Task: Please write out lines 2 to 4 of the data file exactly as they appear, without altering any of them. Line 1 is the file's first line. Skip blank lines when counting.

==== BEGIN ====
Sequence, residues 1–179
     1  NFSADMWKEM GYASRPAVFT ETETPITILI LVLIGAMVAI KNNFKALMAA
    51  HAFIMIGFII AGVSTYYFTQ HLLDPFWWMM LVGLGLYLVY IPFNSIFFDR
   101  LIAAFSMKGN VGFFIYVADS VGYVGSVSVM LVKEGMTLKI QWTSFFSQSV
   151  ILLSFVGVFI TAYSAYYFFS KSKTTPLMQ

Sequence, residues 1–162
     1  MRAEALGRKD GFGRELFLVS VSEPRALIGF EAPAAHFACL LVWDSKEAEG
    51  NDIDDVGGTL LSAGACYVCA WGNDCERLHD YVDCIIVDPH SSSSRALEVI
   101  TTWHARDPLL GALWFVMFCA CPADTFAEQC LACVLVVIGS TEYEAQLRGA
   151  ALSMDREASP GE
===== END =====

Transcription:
     1  NFSADMWKEM GYASRPAVFT ETETPITILI LVLIGAMVAI KNNFKALMAA
    51  HAFIMIGFII AGVSTYYFTQ HLLDPFWWMM LVGLGLYLVY IPFNSIFFDR
   101  LIAAFSMKGN VGFFIYVADS VGYVGSVSVM LVKEGMTLKI QWTSFFSQSV